Close Corporation Freezeout Claims and the Right of Redemption: Forbidden Fruit

Issue May/June 2021 June 2021 By Matthew J. Ginsburg
Complex Commercial Litigation Section Review
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Matthew J. Ginsburg

The Devil is in the Damages

Closely held corporation freezeout claims are daily bread for many business litigators, or at least an occasional diversion from their steady diet of contract disputes, insurance coverage battles or license agreement quarrels.

For most business lit practitioners, the basic characteristics of a closely held corporation and the elements of a freezeout claim are well-trodden ground. However, deciding what remedies one should seek on behalf of a disadvantaged minority shareholder, and then making them stick, is a more nuanced and variable question. As a general matter, the courts have broad equity powers to fashion a remedy that restores to the minority the “reasonable expectations of benefit” withheld by the majority. Brodie v. Jordan, 447 Mass. 866, 870 (2006); Zimmerman v. Bogoff, 402 Mass. 650, 661 (1988). The options are numerous, and often depend on case-specific aspects of the relationship between the minority plaintiff and the corporation. Where the shareholder derived most of her benefit of ownership from employment, lost wages or reinstatement may be the best measure. See, e.g., Wilkes v. Springside Nursing Home Inc., 370 Mass. 842, 854 (1976) (awarding minority shareholder damages for lost employment). In other scenarios, injunctive relief, a share of distributions withheld, diminution in value of the minority’s shares, or disgorgement of excessive compensation might be the most apt forms of redress.

From the plaintiff’s perspective, one of the simplest and most appealing remedies is the forced purchase of a frozen-out minority’s stake, as it: amounts to a decisive and final dissociation from the majority; returns a guaranteed monetary value for the shares; protects the minority from the need for future litigation to enforce injunctive measures; prevents the majority from paying out corporate profits to themselves in surreptitious ways; and avoids the sharing of compelled distributions with the culpable majority that is common in derivative suits.

Interestingly, or confoundingly, perhaps, for those who tend to represent plaintiffs in such cases, the Massachusetts courts have rejected the forced share purchase as a permissible freezeout remedy. It has become clear over the decades since the freezeout claim was first recognized that only minority shareholders who reach a defined threshold of proportional ownership and can meet a demanding set of statutory criteria may force a “clean break” from an abusive majority.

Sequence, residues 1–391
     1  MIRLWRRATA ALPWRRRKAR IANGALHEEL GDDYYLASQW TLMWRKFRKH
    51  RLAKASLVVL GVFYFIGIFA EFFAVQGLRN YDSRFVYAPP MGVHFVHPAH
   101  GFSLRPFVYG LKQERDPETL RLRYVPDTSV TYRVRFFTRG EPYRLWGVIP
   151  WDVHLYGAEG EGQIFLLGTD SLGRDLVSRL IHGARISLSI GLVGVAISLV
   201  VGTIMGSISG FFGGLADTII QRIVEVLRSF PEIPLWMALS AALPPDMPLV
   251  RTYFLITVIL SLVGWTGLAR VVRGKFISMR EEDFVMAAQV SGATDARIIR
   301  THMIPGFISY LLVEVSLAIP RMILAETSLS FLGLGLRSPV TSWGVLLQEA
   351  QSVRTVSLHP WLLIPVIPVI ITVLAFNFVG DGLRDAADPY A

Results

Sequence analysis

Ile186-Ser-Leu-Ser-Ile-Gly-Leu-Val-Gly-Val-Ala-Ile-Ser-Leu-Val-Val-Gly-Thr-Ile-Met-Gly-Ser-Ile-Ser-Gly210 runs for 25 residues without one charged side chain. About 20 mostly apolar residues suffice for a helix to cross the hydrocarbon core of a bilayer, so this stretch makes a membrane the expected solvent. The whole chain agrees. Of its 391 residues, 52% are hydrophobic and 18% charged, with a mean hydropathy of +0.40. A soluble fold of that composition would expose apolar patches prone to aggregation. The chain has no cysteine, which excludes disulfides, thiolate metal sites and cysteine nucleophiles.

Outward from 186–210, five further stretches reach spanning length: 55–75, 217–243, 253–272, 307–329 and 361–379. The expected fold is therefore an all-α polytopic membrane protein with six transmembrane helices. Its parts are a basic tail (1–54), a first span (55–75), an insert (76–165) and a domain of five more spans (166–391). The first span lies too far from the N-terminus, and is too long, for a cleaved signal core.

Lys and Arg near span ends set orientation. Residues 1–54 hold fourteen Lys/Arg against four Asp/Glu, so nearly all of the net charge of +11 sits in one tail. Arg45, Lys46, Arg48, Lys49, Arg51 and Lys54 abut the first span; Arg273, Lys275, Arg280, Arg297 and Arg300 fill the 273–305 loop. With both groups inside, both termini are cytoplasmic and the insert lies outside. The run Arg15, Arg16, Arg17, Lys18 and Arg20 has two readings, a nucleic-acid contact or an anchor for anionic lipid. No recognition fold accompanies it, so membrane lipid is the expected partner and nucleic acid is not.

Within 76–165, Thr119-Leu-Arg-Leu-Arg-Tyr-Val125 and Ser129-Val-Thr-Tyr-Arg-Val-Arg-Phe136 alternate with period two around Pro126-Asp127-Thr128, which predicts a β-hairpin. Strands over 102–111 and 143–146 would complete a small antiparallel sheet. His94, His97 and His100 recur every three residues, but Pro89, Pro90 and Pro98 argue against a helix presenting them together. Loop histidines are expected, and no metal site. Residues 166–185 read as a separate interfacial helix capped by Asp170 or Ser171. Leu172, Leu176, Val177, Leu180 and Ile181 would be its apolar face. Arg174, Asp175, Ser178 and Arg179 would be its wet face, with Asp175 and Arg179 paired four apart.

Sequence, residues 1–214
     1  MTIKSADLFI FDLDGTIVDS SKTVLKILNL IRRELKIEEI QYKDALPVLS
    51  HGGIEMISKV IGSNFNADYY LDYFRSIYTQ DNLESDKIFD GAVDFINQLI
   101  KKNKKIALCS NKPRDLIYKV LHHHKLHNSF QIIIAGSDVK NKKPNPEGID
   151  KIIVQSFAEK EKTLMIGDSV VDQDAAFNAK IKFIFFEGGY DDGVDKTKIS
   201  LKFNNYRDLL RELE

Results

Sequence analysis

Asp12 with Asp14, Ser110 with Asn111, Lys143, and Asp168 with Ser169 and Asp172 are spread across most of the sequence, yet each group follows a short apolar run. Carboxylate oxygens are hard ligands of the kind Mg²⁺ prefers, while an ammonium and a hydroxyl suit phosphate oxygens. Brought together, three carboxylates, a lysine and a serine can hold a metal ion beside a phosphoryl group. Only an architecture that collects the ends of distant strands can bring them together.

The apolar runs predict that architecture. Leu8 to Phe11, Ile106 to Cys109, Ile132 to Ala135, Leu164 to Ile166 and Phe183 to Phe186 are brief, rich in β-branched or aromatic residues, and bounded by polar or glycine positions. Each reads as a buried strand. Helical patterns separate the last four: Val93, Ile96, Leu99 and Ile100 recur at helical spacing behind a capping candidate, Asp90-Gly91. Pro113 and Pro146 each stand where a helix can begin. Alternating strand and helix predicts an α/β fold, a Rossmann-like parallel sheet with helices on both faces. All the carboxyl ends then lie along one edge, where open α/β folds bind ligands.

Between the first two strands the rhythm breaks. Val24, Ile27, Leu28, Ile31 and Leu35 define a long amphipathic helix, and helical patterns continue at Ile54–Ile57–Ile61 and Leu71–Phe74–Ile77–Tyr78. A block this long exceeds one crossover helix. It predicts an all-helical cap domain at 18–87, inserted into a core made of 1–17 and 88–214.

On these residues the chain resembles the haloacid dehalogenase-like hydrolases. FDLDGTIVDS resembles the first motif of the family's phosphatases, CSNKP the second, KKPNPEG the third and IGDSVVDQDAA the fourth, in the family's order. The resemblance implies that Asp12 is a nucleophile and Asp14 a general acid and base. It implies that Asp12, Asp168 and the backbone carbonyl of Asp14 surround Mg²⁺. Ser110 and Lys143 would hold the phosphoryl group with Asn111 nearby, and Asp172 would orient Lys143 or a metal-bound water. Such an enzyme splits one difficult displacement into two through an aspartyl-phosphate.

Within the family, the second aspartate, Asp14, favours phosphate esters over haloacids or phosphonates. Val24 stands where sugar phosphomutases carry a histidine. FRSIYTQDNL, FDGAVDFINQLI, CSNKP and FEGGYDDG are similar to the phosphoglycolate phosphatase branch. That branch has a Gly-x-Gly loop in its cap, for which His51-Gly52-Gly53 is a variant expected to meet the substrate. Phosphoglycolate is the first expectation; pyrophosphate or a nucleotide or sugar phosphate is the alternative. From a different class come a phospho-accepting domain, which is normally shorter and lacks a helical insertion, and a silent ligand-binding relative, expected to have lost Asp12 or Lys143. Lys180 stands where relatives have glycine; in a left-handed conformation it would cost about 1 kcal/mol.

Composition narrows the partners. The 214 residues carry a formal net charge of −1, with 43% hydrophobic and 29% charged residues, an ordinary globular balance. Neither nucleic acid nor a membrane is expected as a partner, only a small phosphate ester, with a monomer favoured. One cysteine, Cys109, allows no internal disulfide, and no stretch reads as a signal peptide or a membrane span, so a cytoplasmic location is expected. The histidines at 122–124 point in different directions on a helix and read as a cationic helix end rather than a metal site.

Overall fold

Close Corporation Basics

Closely held corporations, which are sometimes referred to as “incorporated partnerships,” are generally defined by three prominent traits: (1) a small number of shareholders, (2) the lack of a ready market for the corporation’s shares, and (3) substantial majority shareholder participation in the management, direction and operations of the corporation. See Donahue v. Rodd Electrotype Co. of New England Inc., 367 Mass. 578, 586 593, 328 N.E.2d 505 (1975). Close corporation stockholders owe one another substantially the same fiduciary duty in the operation of the enterprise that partners owe to one another — that of the utmost good faith and loyalty. See id., 367 Mass. at 593; Cardullo v. Landau, 329 Mass. 5, 9 (1952).

The Massachusetts Business Corporations Act (BCA), M.G.L. c. 156D, § 7.32 provides great flexibility to close corporation incorporators to tailor their rules of governance, and vary the corporate structure. For example, the corporate documents may eliminate the board of directors, reduce the board to one person, authorize distributions not in accordance with percentage ownership, or require dissolution at the request of one or more shareholders on particular terms. M.G.L. c. 156D, § 7.32.

Donahue and Progeny

In Donahue v. Rodd Electrotype Co. of New England Inc., the Supreme Judicial Court (SJC) launched Massachusetts freezeout jurisprudence by describing the numerous ways in which the majority might oppress the minority:

The squeezers [those who employ the freeze-out techniques] may refuse to declare dividends; they may drain off the corporation’s earnings in the form of exorbitant salaries and bonuses to the majority shareholder-officers and perhaps to their relatives, or in the form of high rent by the corporation for property leased from majority shareholders . . . they may deprive minority shareholders of corporate offices and of employment by the company; they may cause the corporation to sell its assets at an inadequate price to the majority shareholders. . . .

367 Mass. 578, 588-89 (1975) (internal citations omitted).

The common denominator in such cases is the majority’s whole or partial denial of the minority’s right to receive his or her reasonably expected benefits of ownership. But the fact patterns vary. In Donahue, the defendants’ principal offense was refusing to redeem the minority plaintiff’s stock on equivalent terms as a member of the controlling majority had received. Donahue, 367 Mass. at 600. In Wilkes v. Springside Nursing Home Inc., 370 Mass. 842, the majority removed the minority shareholder plaintiff and refused to rehire him as a salaried officer/director, while also failing to issue dividends. In Rubin v. Murray, 79 Mass. App. Ct. 64 (2011), minority freezeout took the form of payment of excessive compensation to controlling stockholders, and the accompanying failure to distribute profits. In Brodie v. Jordan, the plaintiff widow of a one-third owner who had served as president prior to his death claimed that the majority excluded her from corporate decision-making, denied her access to company financial information and refused her request that the majority comply with a stock transfer provision requiring the valuation of her shares. See 447 Mass. 866, 870-871 (2006).